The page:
“For high-end smart beauty devices, offline experience-focused distribution is best. Showrooms and brick-and-mortar stores can interact with consumers in a dynamic way,” Lin remarks. “It doesn’t matter how much traffic you have on Xiaohongshu, these platforms are so congested with influencer content that it’s hard to differentiate what’s real and what works.”

This explains Foreo’s strategy in China, which in addition to an online store, online and offline B2B distribution and social media marketing involves 62 physical stores. “It’s a very unique retail model that’s set up,” says Hoxha, who tells BoF that Foreo only has two standalone stores outside China, in Paris and Las Vegas. “It started as a necessity to expand distribution in a market back when there weren’t a lot of options.”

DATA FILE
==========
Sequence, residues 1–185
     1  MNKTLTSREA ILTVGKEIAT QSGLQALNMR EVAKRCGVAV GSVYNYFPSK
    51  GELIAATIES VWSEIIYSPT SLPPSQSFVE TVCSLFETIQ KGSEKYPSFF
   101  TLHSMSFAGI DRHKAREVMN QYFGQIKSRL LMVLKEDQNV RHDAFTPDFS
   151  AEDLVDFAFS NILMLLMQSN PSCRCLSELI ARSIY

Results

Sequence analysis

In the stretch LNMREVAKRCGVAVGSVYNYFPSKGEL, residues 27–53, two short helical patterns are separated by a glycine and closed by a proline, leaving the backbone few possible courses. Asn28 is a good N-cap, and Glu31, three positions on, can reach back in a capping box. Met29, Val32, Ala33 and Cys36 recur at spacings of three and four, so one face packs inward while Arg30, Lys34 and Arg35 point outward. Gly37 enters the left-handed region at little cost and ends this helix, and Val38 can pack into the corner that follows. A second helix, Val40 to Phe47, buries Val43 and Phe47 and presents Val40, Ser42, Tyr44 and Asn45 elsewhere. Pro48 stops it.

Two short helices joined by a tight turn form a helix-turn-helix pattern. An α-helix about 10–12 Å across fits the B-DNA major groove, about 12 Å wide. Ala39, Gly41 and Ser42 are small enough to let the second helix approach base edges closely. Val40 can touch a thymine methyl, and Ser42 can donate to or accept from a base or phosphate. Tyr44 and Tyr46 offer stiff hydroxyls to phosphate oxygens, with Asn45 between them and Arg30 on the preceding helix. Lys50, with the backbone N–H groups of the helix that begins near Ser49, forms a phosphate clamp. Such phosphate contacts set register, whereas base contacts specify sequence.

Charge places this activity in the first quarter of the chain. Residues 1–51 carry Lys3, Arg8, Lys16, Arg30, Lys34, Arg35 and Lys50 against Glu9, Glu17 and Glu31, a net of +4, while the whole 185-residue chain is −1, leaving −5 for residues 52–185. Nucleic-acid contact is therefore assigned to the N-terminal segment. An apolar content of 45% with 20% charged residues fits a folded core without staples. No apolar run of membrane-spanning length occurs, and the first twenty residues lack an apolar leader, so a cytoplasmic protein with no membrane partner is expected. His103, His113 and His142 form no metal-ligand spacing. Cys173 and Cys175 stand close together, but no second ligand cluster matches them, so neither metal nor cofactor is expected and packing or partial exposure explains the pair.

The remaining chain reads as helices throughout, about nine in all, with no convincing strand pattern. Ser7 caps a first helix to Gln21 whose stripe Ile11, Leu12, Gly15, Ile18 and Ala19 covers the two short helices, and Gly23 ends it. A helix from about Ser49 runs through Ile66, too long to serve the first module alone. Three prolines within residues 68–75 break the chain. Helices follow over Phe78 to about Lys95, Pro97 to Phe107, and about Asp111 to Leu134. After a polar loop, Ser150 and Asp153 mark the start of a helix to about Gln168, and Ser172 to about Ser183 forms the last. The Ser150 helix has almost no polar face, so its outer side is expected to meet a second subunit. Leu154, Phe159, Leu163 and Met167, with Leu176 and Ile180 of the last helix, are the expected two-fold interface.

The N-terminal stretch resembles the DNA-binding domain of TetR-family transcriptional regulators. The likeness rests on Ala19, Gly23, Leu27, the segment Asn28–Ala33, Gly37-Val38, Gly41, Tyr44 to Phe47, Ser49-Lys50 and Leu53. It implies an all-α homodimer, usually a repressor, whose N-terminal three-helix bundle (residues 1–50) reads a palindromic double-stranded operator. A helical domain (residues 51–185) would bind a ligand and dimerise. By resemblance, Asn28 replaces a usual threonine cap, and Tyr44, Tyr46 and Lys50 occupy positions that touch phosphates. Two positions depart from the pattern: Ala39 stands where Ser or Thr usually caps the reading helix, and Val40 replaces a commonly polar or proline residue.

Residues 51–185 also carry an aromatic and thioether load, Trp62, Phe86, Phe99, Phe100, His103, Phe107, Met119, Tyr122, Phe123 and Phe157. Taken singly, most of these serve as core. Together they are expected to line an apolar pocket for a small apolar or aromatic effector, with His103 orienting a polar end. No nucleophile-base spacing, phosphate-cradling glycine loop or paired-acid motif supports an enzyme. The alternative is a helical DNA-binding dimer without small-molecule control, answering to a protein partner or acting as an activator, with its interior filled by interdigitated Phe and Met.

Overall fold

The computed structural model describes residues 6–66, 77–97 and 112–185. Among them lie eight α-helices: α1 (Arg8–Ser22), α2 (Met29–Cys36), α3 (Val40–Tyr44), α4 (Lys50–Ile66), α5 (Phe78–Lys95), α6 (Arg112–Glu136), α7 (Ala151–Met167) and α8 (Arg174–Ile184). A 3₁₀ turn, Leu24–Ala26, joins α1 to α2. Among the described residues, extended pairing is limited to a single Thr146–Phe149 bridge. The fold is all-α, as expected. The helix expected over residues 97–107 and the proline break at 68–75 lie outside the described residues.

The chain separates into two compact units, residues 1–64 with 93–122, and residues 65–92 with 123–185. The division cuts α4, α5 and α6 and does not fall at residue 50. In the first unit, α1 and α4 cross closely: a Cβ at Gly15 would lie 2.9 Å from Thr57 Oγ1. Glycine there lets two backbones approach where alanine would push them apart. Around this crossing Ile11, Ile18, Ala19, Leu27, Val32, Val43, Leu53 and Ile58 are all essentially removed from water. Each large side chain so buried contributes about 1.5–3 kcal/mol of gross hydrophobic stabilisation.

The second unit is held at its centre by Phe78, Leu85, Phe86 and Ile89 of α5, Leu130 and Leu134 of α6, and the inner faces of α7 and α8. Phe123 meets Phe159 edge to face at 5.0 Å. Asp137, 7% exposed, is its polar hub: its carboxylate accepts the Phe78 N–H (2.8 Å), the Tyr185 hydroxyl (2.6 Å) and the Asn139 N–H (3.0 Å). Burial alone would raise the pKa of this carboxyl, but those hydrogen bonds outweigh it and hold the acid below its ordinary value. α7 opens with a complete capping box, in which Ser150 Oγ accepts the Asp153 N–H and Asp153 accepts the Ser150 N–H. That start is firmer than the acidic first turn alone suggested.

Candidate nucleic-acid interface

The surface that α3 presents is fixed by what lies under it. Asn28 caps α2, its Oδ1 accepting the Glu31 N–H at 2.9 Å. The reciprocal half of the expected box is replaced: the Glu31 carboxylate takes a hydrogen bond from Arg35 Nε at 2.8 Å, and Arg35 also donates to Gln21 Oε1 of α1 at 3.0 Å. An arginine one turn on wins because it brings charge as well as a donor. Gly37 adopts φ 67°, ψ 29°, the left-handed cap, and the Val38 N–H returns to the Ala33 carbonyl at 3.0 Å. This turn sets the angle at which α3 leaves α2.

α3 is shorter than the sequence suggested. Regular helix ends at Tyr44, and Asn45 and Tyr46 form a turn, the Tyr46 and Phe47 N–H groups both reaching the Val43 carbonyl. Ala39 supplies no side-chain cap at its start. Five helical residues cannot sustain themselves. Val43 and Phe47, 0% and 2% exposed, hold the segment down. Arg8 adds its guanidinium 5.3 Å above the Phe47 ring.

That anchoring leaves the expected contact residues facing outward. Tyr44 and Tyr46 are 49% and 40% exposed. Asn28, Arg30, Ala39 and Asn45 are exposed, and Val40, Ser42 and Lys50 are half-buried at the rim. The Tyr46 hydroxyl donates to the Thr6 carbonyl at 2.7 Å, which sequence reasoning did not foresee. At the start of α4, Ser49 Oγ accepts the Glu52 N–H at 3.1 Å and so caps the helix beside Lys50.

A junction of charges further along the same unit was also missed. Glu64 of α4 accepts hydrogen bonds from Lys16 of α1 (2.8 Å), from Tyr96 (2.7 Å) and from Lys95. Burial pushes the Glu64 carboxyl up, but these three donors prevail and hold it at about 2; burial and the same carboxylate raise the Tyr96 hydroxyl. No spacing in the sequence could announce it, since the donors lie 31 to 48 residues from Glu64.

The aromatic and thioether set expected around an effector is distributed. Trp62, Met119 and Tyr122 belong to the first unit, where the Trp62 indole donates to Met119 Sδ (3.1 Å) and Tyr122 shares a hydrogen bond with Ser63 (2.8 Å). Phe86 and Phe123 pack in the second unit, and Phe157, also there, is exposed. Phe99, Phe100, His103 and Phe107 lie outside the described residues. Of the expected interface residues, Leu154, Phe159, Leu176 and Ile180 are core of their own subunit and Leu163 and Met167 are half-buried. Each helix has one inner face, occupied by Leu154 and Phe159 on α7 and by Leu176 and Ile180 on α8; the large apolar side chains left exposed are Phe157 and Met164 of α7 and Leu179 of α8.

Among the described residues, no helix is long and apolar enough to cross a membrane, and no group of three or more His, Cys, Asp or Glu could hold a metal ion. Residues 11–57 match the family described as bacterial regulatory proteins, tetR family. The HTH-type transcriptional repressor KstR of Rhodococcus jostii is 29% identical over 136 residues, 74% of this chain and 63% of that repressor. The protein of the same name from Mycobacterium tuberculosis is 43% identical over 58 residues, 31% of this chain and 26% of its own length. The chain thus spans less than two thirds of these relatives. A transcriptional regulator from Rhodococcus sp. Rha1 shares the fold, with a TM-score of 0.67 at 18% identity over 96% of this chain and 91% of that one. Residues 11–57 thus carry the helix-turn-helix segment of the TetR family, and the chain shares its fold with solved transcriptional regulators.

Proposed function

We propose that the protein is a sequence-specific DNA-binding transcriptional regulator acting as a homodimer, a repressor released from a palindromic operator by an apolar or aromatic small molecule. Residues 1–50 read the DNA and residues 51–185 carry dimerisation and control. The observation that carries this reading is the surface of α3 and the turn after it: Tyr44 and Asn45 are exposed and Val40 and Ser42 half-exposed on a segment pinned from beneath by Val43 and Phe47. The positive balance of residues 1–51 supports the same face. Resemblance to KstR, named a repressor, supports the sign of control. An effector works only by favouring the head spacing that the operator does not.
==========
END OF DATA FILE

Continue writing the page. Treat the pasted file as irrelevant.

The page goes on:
While parts of China’s beauty tech market may still be dominated by foreign brands, domestic companies are quickly getting in on the action. According to CIBE, China's domestic demand for beauty appliances has grown by an average annual rate of 11.1 percent in the past five years, and exports now have an important role to play. Lin stresses that some are worth watching.

“If you look at top five cosmetology brands on Tmall, number three is a local player named K Skin. Platforms such as Tmall not only bring foreign brands into China, but can bring domestic brands abroad.”

As brands continue to flood China’s thriving beauty tech market, only the best products will make the cut. From R&D and design to marketing and distribution, there is no single formula for success.

But Lin does have one last word of advice. “You need to design the whole experience. How do they take it out of the packaging? Does it fit in a gym bag? Does it look good in their bathroom, and is it difficult to put away? The design of the whole experience requires careful consideration. Design well.”